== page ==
Even the new law introduced in the summer of 2017 against non-profit organizations receiving support from abroad could be interpreted as a way for Orbán’s government to reach Soros. At the beginning of 2018, the European Commission asked the European Court of Justice to review the law, which means that organizations receiving large foreign donations must report this and register as “foreign-funded.” According to the Commission, the law violates, among other things, freedom of organization, restricts the movement of capital and makes it difficult for foreign organizations to operate in the country. The European Court of Justice ruled that Hungary violated EU law (see Calendar).

If Hungary does not comply with the European Court’s ruling in the proceedings and changes the controversial laws, the country may be fined. As a last powerful punitive measure, the EU can deprive Hungary of its voting rights. In September 2018, the European Parliament voted to initiate a so-called paragraph-7 lawsuit against Hungary to examine whether Hungary poses “a systematic threat” to the EU’s core values ​​(see Calendar). If Hungary is found guilty, the Member States can, as a punishment, decide to withdraw Hungary’s voting rights, but the process is unlikely to lead to such a decision as it requires consensus, and Poland and Hungary have promised to protect each other in the EU.

Hungarian unwillingness to investigate suspected cheating with EU grants has been criticized by prominent voices in the EU. Hungary is one of several Member States that does not want to stand behind an independent European Public Prosecutor’s Office, which would be commissioned to investigate fraud related to the EU budget.

Success in elections, and adversity

During his campaign for the parliamentary elections in April 2018, Fidesz and Prime Minister Orbán again emphasized their goal to stop immigration. Orbán also promised to lower income taxes and to pursue a policy that would contribute to continued economic growth. The good economic situation in the country was already expected to give Orbán many votes. When the voting count was largely completed, the result showed a big victory for Orbán. He and Fidesz had received voters’ support for leading the country for a third term, and had once again secured two-thirds of the seats in Parliament.

Right-wing extremist Jobbik got about a fifth of the vote and came in second place. But the result was a disappointment for party leader Gábor Vona, the architect of the recent years’ turn towards a less extreme right-hand line. After the election, both he and the party leaders for MSZP and Politics may be different (LMP) to resign.

The electoral system favored Fidesz, according to experts, and the only possibility for the opposition to be able to challenge the ruling party had been to stand with joint candidates in the constituencies. Now, instead, the voters’ votes were split on several opposition parties, which made it a relatively easy victory for Fidesz. The split left opposition, including the Hungarian Socialist Party (MSZP) and the Democratic Coalition, had failed to unite because of power struggles and personal contradictions.

Ahead of the 2019 local elections, the opposition seemed to have learned from its mistakes. In a number of municipalities, opposition parties, by uniting behind counter-candidates, succeeded in deposing local rulers with ties to Fidesz. The government’s decision to refrain from setting up special administrative rights and to take control of them was announced a few weeks after the hardships in the municipal elections. But even before Christmas, Orbán struck back: after rapid preparation, legislative proposals were adopted that made life difficult for government opponents, including by opposing alliances.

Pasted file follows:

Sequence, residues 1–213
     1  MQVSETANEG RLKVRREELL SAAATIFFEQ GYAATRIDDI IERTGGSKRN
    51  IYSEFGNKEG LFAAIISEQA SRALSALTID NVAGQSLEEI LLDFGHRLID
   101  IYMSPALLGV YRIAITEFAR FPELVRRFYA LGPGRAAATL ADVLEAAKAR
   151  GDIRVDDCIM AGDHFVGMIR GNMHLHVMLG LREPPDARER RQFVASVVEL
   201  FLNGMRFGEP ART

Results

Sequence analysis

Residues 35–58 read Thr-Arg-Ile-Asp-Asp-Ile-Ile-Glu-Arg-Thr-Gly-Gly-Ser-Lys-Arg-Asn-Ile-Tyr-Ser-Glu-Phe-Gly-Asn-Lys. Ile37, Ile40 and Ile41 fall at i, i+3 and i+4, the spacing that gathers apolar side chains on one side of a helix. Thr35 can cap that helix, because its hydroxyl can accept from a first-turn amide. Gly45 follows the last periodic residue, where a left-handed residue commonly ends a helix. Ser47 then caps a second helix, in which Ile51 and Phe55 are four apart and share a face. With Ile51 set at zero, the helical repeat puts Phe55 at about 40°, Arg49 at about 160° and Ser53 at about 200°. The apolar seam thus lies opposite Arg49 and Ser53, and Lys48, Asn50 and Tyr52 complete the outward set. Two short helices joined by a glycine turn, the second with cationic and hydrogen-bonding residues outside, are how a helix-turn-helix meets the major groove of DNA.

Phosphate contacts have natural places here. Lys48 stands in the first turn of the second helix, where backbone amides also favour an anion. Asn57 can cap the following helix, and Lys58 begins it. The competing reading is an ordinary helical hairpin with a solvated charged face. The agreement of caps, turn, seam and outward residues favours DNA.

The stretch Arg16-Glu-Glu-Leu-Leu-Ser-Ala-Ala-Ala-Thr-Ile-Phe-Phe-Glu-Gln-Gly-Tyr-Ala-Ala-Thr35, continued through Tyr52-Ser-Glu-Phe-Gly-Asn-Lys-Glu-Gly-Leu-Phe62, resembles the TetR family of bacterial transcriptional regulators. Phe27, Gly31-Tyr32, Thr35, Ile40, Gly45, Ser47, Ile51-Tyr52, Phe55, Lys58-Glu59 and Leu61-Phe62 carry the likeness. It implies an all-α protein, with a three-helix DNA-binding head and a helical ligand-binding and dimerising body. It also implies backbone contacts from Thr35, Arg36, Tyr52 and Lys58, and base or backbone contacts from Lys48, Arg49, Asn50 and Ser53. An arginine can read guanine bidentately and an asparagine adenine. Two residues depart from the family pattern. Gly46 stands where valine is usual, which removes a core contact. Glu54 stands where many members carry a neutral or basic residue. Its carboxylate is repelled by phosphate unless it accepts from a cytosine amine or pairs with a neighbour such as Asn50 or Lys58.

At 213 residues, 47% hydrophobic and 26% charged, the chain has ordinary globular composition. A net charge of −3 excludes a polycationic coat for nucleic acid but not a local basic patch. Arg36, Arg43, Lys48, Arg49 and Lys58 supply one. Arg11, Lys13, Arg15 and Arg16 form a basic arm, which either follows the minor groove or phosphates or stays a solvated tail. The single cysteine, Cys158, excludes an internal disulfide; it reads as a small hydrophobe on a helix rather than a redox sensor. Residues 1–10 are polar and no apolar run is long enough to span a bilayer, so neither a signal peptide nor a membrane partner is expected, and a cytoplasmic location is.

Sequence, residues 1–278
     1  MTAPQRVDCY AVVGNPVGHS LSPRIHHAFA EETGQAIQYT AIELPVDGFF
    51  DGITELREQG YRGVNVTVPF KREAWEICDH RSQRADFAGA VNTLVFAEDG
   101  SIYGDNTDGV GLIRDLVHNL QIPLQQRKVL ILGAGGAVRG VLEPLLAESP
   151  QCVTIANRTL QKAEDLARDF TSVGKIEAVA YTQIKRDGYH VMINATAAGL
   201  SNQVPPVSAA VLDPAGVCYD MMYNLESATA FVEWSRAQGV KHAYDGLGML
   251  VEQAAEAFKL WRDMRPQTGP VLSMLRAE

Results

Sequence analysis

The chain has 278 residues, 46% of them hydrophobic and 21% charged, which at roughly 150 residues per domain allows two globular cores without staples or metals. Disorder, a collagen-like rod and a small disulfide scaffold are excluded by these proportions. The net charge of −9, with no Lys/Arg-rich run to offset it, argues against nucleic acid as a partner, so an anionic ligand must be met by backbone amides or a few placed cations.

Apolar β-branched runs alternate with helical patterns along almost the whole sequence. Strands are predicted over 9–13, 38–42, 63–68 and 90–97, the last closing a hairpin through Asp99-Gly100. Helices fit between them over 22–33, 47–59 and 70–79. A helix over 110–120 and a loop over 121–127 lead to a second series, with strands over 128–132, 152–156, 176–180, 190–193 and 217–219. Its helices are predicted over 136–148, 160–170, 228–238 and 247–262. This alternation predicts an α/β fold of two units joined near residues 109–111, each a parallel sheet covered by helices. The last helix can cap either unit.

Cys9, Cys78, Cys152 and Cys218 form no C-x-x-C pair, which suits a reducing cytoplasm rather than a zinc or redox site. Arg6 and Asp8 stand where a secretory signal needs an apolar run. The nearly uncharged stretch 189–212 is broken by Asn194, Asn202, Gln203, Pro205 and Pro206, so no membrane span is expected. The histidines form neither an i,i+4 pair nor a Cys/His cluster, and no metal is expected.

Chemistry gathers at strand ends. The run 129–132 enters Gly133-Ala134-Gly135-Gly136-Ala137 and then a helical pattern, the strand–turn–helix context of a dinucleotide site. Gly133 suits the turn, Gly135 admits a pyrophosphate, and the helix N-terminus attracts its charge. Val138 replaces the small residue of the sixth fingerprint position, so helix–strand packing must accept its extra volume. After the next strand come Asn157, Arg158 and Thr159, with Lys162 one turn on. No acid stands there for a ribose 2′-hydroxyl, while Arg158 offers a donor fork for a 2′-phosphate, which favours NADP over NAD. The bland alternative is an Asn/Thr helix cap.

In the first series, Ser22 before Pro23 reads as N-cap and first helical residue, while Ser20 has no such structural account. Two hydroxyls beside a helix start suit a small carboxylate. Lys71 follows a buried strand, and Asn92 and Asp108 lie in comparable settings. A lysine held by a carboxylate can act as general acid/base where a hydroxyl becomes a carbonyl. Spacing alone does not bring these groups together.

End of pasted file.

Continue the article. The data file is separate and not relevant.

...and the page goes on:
In March 2020, Fidesz went one step further. With the corona pandemic as a reason, the government party supported a new text of law, which gave Orbán the right to rule by decree. He no longer needed to ask Parliament for permission to extend the state of emergency, and it was punishable to question the government’s image of the spread of infection and the measures taken. The criticism became fierce, both from the outside world and from the Hungarian opposition, and after a couple of months the government made what looked like a retreat by withdrawing the law. But a long line of decisions that have been supported by it, and which strengthens government power, will continue to apply. In addition, when the law was repealed, it was replaced by another which hardly limits the Prime Minister’s freedom to make far-reaching decisions.

Follow the ongoing development of the Calendar.


Official name

Magyarország / Hungary


republic, unitary state

Head of State

President Janós Áder (2012–)

Head of government

Prime Minister Viktor Orbán (2010–)

Most important parties with mandates in the last election

Hungarian Citizens Union (Fidesz) together with the Christian Democratic People’s Party KDNP 133, Movement for a Better Hungary (Jobbik) 26, Hungarian Socialist Party − Dialogue for Hungary (20), Democratic Coalition 9, Politics may be different (LMP) 8 (2018)

Main parties with mandates in the second most recent elections

Hungarian Citizens’ Union (Fidesz) together with the Christian Democratic People’s Party KDNP 133, Center-Left Alliance “Government Shift” – Kormányváltás 38, The Movement for a Better Hungary (Jobbik) 23, Politics Can Be Different (LMP) 5 (2014)


67% in the 2018 parliamentary elections

Upcoming elections

2022 parliamentary elections